The year in song reflected the state of the world around us. Here are the 60 songs that spoke to us this year.
60. St. Vincent - "Fast Slow Disco"
Just because an album is available to purchase doesn't mean the songs are complete. While most acts will add different nuances to their hits in a live setting, Annie Clark is still very much obsessed with the tracks that made up her stellar 2017 effort Masseduction. She took her string-drenched highlight from that record "Slow Disco" and, while touring, turned it into an amped-up dance number, discovering that underneath all the opulence, it was a fist-pumping anthem all along, and we're all the better for hearing its glorious bathed-in-strobe lights rebirth. - Evan Sawdey
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59. Silk City and Dua Lipa - "Electricity"
For a brief but inescapable cultural moment, anything that Diplo touched turned to gold. As one half of Jack Ü, he co-wrote the international phenomenon "Where Are Ü Now", re-establishing Justin Bieber as a household name. "Lean On", which he produced with Jillionaire and Walshy Fire under their Major Lazer moniker, was, for a while, the most streamed song of all time. He even helped Usher mature from baby-faced sex symbol to acclaimed pop auteur; listen to "Climax", the best song of Usher's career, and you can hear his Midas touch at work. But no reign lasts forever. For some reason, his collaboration with British DJ-cum-superstar Mark Ronson, Silk City, failed to cause much of a stir — on the charts or off of them.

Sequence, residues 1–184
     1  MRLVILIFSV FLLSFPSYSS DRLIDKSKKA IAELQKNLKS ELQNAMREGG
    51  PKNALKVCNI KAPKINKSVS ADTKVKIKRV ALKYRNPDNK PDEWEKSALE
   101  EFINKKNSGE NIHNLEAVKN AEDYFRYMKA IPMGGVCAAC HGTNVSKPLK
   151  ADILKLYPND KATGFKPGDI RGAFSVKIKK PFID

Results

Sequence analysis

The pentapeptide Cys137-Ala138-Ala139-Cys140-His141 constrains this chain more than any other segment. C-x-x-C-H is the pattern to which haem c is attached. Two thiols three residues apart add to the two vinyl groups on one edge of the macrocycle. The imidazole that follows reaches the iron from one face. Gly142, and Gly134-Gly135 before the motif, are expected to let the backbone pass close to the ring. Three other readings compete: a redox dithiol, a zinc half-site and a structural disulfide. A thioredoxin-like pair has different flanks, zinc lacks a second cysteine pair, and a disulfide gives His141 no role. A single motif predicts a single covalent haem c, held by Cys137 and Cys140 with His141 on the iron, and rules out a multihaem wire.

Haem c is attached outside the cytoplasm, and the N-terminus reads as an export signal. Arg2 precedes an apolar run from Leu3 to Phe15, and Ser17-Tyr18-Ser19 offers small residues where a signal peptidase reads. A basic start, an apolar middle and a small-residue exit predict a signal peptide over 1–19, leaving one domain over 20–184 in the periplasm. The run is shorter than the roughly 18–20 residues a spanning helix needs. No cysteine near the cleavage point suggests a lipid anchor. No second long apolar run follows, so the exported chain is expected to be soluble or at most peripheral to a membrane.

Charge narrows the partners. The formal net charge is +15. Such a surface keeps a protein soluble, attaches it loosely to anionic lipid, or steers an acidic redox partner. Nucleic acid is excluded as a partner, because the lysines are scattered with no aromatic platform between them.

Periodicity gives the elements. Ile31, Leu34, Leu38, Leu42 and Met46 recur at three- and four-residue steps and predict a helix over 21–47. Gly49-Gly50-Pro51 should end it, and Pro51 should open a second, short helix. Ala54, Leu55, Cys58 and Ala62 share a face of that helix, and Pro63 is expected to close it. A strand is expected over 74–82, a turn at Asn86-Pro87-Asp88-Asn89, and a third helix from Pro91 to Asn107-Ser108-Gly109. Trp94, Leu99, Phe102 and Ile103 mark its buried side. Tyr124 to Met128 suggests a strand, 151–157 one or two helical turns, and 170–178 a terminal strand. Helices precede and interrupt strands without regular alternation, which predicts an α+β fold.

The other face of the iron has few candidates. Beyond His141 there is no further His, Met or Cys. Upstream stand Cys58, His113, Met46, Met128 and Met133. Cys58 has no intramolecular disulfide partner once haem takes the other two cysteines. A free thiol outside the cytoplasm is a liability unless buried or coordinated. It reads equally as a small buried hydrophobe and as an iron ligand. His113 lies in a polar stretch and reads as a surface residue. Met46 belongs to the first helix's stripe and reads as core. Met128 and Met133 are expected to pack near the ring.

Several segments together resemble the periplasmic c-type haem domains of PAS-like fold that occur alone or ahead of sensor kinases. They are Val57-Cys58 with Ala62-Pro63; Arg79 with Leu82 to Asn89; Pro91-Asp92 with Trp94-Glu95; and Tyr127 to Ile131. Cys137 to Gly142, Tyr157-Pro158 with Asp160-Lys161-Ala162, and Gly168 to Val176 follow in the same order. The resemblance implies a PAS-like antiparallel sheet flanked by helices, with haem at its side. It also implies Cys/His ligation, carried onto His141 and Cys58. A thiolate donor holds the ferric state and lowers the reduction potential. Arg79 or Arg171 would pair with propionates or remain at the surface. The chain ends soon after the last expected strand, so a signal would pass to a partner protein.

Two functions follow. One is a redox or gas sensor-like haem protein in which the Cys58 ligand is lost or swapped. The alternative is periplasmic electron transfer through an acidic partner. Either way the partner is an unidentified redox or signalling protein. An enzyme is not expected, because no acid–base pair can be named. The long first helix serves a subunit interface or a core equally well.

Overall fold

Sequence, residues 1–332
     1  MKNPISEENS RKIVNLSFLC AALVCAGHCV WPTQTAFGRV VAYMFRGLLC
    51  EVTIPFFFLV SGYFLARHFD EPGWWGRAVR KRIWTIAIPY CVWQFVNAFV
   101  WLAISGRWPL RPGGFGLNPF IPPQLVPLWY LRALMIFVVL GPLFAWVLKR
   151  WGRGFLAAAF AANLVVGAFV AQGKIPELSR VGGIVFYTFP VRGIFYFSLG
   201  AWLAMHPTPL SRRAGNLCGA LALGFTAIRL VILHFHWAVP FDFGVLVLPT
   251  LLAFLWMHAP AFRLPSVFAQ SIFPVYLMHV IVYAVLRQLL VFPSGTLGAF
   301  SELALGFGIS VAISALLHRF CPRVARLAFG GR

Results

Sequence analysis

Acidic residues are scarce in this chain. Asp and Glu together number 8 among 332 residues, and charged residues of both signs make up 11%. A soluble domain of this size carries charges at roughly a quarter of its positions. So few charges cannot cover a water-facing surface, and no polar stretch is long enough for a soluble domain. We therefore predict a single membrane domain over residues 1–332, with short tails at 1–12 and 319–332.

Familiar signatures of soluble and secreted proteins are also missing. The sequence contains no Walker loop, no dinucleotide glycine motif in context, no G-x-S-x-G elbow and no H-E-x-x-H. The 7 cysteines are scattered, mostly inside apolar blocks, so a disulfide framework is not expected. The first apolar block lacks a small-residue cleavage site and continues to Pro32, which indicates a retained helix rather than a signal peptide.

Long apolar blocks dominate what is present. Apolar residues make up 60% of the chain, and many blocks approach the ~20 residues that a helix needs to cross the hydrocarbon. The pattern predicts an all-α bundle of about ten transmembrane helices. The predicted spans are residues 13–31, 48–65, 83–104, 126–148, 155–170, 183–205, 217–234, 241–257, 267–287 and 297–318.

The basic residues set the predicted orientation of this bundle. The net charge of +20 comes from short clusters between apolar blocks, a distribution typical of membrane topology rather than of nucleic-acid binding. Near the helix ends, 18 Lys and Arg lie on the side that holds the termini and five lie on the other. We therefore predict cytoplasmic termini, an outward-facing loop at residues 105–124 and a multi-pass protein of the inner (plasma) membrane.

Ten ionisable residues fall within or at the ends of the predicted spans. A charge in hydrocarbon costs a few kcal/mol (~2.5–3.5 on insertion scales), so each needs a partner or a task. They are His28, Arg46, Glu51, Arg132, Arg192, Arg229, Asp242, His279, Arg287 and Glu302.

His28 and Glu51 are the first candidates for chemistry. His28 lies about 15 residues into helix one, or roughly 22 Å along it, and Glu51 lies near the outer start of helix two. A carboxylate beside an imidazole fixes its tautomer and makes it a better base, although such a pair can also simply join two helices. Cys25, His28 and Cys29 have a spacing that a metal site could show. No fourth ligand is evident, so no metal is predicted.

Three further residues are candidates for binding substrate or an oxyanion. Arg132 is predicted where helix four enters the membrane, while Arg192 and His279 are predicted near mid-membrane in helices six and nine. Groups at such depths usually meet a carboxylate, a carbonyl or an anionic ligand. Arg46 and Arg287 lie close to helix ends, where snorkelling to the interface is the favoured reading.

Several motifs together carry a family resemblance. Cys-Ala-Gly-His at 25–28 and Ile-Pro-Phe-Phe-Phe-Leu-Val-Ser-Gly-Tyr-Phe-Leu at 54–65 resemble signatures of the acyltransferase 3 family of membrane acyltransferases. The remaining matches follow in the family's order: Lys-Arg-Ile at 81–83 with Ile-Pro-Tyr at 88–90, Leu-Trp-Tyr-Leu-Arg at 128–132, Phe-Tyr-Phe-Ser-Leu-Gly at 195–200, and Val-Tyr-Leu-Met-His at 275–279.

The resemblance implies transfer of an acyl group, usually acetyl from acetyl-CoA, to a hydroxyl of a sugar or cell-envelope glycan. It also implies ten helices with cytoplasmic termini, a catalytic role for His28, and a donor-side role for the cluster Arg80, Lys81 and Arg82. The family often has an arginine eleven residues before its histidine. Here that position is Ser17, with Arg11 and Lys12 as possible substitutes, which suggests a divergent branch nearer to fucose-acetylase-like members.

Nevertheless, the duo's much-hyped outing with rising starlet Dua Lipa, "Electricity", bears all of the hallmarks of a Diplo-helmed smash: warped vocals, house drums, and a chorus so big and propulsive that it seems to break out of the track's four walls and run free. "This love has no ceiling / I cannot deny," Lipa sings, and as she alights on "deny", the word ruptures into light and color —the same light and color all of us experience when we first fall for someone. It's not as captivating as "Where Are Ü Now", or as catchy as "Lean On", but it's near-flawless pop. Even for Diplo, that's hard to come by. - Pryor Stroud
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58. Denzel Curry – “Black Balloons”
"Black Balloons | 13lack 13alloonz" from Denzel Curry's July release TA13OO really slaps. Here, the 23-year-old Florida-born Angelino, ever-adamant about his worth, continues to bolster his leadership in today's fragmented rap game. Curry goes hard. The rapper's recipes call for equal parts cool and dark. "Black Balloons" is no exception, though it leans pop with its earworm of a hook. He captures the sound of Atlanta duo OutKast with the spirit of Kendrick Lamar—GoldLink's featured verse contains a distinctly K-Dot cadence. Curry's vivid aesthetic runs counter to the prevailing trend of lo-fi "Soundcloud" rap. His lyrics, less overtly political than much of his work, boast heady wordplay and ooze confidence. The collaged outro simulates a radio interview with the rapper, building up his air of mystique. "Black Balloons" proves one of the year's definitive bangers. - A Noah Harrison
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57. Ash - “Confessions in the Pool”